Ornamental Mustards

MUST-mainOver the years, Ornamental Mustards have gained a name for themselves. Certainly, we have seen the popularity of our cultivars grow since we introduced them to our autumn schedule. It’s no wonder—mustards are surprisingly decorative even in salads. When allowed to mature to full size, they make an intriguing garnish for the front yard as well.

We see a lot of Ornamental Mustards used in containers and large pots, where they thrive well into the cold season. As an edible, Ornamental Mustard is the perfect choice for decks or patios in close proximity to the kitchen—grazing down the plant will just make it more vigorous.

‘Dragon’s Tongue’ in 6-inch and 8-inch pots


Technically, all mustards are edible—even the Ornamental Mustards we sell—but we grow them mainly for their good looks. ‘Dragon’s Tongue’ is a cultivar that happens to be handsome as well as delicious. In a 6-inch pot, we call it an Edible Mustard, ideal for salads and soups; grown out larger in an 8-inch pot, ‘Dragon’s Tongue’ becomes a showy Ornamental Mustard.


A heritage variety from India, it is probably the splashiest mustard we have seen. Crinkled and frilly, the young leaves are bright green. As plants mature, lines of purple begin to creep along the edges of the leaves; older leaves darken, and the purple veining begins to creep into the body of the leaf itself. Such a color transformation is dramatic by any standard.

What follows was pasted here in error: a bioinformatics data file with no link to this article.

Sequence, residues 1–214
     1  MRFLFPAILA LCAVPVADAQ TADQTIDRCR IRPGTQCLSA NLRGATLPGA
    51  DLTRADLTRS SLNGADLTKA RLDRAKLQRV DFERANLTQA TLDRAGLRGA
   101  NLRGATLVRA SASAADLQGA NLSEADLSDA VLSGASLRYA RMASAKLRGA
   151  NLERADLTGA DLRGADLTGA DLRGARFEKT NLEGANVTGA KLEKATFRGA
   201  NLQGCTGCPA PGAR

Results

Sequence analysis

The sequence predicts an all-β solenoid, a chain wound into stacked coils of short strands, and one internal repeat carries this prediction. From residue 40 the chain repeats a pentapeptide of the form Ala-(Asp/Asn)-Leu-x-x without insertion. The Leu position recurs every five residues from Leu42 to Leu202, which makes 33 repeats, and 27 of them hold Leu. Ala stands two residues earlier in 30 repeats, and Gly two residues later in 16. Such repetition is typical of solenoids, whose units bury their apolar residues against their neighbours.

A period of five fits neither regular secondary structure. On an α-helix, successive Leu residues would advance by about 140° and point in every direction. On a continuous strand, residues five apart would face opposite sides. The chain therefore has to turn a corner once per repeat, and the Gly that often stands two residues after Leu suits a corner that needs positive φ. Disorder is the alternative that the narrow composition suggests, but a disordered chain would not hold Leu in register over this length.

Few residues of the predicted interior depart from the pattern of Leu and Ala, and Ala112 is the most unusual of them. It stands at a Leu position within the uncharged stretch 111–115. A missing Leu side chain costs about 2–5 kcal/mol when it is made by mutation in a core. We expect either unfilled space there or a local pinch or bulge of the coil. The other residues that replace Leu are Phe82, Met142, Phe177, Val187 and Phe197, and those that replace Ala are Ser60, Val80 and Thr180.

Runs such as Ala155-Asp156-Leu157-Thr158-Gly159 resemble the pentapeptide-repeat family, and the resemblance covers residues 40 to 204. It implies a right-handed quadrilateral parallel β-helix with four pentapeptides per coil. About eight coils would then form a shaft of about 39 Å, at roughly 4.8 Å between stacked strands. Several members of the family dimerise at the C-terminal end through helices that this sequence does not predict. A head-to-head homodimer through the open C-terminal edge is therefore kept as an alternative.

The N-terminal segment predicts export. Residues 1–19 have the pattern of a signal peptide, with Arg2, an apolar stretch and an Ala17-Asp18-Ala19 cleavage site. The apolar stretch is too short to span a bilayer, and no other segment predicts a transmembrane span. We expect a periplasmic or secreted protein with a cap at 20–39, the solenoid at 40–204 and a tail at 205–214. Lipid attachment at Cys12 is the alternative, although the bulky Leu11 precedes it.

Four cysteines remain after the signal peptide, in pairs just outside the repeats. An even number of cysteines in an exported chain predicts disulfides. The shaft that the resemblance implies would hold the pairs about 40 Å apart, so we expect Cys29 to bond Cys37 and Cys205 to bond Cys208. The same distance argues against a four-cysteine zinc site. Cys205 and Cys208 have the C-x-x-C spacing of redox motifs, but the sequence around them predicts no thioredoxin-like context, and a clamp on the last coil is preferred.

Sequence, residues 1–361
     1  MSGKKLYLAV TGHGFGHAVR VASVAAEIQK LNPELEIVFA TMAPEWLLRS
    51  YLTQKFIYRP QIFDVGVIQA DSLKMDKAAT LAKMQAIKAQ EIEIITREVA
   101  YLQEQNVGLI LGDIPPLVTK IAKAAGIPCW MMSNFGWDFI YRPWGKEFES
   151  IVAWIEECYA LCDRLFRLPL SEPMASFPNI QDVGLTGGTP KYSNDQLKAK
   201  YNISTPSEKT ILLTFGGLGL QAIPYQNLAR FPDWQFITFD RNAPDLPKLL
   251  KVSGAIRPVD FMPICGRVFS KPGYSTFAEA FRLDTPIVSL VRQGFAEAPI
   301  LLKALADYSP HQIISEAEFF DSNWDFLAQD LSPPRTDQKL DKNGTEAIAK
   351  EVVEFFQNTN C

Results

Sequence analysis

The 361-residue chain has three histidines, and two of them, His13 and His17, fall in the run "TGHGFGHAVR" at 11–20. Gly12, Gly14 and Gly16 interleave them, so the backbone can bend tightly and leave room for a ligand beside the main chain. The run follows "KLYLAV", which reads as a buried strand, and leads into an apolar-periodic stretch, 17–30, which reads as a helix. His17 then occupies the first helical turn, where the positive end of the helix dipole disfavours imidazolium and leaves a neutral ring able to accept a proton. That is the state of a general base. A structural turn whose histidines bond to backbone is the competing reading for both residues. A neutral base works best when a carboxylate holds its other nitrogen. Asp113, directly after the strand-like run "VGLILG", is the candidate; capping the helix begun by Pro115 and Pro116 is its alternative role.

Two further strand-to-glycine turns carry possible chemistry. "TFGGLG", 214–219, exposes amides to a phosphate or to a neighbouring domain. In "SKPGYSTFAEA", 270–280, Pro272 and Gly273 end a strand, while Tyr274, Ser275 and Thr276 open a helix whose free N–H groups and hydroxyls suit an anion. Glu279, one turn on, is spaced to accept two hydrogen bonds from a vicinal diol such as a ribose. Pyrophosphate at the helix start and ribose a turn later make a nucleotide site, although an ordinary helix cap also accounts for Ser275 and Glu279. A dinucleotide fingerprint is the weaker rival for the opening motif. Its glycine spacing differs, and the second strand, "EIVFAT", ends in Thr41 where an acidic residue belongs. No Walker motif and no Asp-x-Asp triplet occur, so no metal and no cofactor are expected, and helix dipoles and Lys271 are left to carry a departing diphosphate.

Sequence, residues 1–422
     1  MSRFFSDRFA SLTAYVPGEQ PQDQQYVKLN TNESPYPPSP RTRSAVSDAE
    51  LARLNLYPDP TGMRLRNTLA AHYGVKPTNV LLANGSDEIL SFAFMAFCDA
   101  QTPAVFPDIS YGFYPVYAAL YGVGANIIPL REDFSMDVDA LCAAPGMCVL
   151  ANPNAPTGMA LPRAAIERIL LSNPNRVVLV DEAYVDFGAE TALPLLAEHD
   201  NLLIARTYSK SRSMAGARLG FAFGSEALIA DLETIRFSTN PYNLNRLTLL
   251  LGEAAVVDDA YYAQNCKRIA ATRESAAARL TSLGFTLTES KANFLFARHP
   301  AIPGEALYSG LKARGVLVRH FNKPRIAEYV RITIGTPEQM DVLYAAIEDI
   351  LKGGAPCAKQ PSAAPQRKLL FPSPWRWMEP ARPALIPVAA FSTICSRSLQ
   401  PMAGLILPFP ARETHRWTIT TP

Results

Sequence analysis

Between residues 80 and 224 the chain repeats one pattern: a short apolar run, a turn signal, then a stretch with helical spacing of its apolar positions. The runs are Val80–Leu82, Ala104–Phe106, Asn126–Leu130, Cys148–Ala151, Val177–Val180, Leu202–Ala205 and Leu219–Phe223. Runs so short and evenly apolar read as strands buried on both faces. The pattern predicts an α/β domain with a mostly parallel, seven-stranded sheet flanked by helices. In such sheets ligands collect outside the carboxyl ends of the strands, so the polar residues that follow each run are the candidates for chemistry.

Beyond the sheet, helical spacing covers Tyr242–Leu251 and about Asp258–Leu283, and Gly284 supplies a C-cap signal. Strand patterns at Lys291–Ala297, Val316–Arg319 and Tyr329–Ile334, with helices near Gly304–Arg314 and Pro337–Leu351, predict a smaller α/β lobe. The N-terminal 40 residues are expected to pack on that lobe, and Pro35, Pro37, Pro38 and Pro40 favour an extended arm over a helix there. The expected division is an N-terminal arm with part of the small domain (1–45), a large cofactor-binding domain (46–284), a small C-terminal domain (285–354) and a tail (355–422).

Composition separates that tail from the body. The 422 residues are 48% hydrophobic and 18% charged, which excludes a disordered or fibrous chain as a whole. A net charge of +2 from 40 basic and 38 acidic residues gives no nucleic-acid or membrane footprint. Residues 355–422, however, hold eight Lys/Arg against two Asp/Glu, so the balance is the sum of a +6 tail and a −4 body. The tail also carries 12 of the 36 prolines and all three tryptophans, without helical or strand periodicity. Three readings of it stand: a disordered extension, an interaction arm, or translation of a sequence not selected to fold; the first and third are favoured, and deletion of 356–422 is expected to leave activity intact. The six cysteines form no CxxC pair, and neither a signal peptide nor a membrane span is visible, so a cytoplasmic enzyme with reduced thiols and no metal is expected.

Leaves on older plants still provide a mild, peppery kick and a full flavor that is not too spicy. A light frost will sweeten the leaves, so they won’t need to be cooked as long to bring out their savory flavor.

‘Red Giant’ in 8-inch


This cultivar kick-started the Ornamental Mustards for us, and its popularity has grown over the years. It is an Asian cultivar, like most mustards. ‘Red Giant’ has huge leaves that are dark red on the top and bright green underneath. The color becomes more intense as the plant matures, and it pervades all the leaves instead of concentrating in the center like an ornamental kale or cabbage. We've seen some specimens go deep purple and almost black when given full sun. Finally, a thin white mid-rib paints a stripe up the center of each leaf.


Mustard is a good first-time crop for urban gardeners or for beginners. Plants are very easy to grow out, a cinch to maintain, and last a long time into the season looking great.